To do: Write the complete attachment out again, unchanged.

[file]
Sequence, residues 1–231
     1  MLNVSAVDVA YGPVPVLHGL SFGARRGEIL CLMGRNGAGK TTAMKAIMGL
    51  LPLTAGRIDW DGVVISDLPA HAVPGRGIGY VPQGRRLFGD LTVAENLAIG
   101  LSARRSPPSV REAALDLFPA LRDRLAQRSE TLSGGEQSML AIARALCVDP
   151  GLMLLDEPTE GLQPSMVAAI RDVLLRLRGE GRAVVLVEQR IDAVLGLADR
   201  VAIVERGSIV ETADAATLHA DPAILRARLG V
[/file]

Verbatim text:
Sequence, residues 1–231
     1  MLNVSAVDVA YGPVPVLHGL SFGARRGEIL CLMGRNGAGK TTAMKAIMGL
    51  LPLTAGRIDW DGVVISDLPA HAVPGRGIGY VPQGRRLFGD LTVAENLAIG
   101  LSARRSPPSV REAALDLFPA LRDRLAQRSE TLSGGEQSML AIARALCVDP
   151  GLMLLDEPTE GLQPSMVAAI RDVLLRLRGE GRAVVLVEQR IDAVLGLADR
   201  VAIVERGSIV ETADAATLHA DPAILRARLG V